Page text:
On the other hand, if you’re offering content, make sure it is valuable. This is where we can play our hits with content that was successful in the past. Ensure you earn their trust and your brand’s credibility through your content. It’s an effective way to use that content as a Trojan horse to get customers into the store and convert them on that purchase.

Though your email’s content is important, how your email looks are crucial too. You can have fun designing your emails with plain text or HTML emails

HTML emails are heavily designed with logos, graphics, and images; basically, they are the kind of emails you’d expect from a brand. But also you can add some plain text emails or hybrid template emails. These are plain text emails with some features of HTML emails But are generally content-focused.

So you can vary your emails using both designs and have fun with making new templates according to new themes, for example, holiday theme templates for Black Friday Cyber Monday emails. These emails also allow you to break the pattern of sending the same mundane brand emails every time and can be amusing for the audience.  

These hybrid emails also bring a human touch to e-commerce marketing as it allows good communication with your customers. I always joke with our clients that we’re not here to outscale Amazon but to out-human them. If you understand this, you can understand the importance of making your emails sound and look more human, which can be a big differentiator for our business and that plays well for us in the long term.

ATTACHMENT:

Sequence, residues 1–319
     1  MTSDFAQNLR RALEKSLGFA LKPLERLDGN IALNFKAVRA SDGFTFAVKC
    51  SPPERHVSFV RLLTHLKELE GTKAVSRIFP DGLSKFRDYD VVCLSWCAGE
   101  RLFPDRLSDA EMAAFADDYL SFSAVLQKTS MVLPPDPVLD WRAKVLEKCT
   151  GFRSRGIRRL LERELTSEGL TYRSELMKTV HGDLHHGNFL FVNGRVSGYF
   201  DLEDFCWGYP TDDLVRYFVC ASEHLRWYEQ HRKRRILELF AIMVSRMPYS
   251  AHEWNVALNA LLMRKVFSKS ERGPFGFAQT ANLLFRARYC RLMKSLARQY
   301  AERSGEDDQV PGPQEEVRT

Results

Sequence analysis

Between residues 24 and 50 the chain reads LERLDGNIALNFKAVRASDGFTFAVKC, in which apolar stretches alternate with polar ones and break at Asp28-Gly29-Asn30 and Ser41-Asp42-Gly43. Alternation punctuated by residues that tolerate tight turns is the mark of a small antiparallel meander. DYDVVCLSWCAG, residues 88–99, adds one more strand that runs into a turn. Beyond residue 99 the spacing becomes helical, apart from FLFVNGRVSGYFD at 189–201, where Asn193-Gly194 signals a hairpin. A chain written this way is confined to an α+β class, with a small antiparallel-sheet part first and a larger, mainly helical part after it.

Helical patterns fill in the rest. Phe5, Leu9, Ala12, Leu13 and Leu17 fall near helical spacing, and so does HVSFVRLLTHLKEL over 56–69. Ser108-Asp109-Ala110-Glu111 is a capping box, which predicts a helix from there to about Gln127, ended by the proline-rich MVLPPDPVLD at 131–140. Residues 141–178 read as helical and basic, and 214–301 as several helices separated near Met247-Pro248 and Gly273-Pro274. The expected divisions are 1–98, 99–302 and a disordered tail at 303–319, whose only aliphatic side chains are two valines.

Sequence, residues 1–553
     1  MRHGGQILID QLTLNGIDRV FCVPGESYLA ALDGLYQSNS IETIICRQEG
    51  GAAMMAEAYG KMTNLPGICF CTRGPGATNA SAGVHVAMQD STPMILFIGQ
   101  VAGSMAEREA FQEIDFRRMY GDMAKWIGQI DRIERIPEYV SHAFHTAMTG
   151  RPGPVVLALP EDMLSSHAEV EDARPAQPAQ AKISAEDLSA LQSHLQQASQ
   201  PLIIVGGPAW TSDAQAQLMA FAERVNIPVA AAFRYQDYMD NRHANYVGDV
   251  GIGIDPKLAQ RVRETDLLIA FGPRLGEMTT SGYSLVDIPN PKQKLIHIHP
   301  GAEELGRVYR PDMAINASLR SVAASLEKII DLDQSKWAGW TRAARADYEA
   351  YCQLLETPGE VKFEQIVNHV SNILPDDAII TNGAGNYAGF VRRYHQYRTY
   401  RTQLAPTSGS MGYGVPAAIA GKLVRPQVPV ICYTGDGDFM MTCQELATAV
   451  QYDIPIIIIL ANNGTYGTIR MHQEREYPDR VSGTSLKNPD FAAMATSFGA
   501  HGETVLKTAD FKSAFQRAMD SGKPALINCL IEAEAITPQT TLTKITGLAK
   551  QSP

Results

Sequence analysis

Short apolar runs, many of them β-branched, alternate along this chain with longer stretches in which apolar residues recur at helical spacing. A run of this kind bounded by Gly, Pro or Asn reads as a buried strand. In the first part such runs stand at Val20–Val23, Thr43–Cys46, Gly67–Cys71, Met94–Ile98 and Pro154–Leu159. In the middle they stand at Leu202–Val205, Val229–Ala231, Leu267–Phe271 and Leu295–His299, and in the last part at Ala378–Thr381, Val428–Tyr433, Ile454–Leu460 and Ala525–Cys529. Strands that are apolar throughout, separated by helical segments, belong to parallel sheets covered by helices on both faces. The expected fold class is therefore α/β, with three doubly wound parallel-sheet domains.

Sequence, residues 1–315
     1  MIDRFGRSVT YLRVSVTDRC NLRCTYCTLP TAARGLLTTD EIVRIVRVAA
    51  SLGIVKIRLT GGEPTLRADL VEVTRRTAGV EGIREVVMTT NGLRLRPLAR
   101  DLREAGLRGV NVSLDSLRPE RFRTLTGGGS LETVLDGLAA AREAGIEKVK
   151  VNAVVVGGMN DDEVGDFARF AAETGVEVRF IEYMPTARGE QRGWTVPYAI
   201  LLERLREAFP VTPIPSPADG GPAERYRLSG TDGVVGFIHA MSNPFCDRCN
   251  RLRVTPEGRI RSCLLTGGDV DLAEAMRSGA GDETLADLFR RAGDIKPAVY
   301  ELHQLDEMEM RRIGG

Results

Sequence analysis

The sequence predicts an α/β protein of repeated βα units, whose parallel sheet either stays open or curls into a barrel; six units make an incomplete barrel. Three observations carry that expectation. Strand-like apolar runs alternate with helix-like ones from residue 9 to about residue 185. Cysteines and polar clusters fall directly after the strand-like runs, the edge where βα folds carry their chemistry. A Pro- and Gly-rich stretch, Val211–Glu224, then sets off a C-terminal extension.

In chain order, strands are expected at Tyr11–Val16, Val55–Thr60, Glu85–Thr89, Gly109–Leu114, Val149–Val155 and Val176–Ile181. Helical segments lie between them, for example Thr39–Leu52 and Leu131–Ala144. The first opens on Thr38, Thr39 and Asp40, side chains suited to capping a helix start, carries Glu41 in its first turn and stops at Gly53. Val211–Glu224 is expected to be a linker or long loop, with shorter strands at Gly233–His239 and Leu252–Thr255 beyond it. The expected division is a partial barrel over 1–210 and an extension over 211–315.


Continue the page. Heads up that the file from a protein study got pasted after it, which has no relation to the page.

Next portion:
To sum it up, abandoned cart sequence is one of the highest revenue-generating email automations tool you can use to bring people back into the store. In this sequence, you can also introduce cart recovery automation later, but it is important that you set your foundational automation well before introducing new sequences within. 

  1. Post Purchase Flow

Depending on the business, the post-purchase sequence can also be the second highest revenue generator for the business instead of the abandoned cart sequence. It is the email you’re going to send to the audience after they have made their purchase to keep them engaged. 

So to make a clear map of things, we know that through the welcome flow, we took an individual from the reach stage through the activate stage to the conversion point. In the abandoned cart, we brought them from the activate stage to the conversion stage, but now in the post-purchase sequence, we want to keep them engaged even after making the first purchase. This is done to keep them in this cycle and to keep bringing them back to the conversion stage as repeat purchasers.  

The post-purchase sequence is about helping customers find value in your product by sending them follow-up emails. The follow-up emails could consist of information about the product they bought from you. Tips and tricks regarding that product and steps on how to use it. It ensures that the customers know how to use it and get the most out of your product. 

For example, if you’re a coffee brand, you can send content on ‘How to grind beans’ or ‘How to extract the coffee.’ Or you can send them different informative pieces on the different types of coffee and how they’re only good for a certain time, or send them the recipe for cold brew coffee in summer when your business is a bit slow.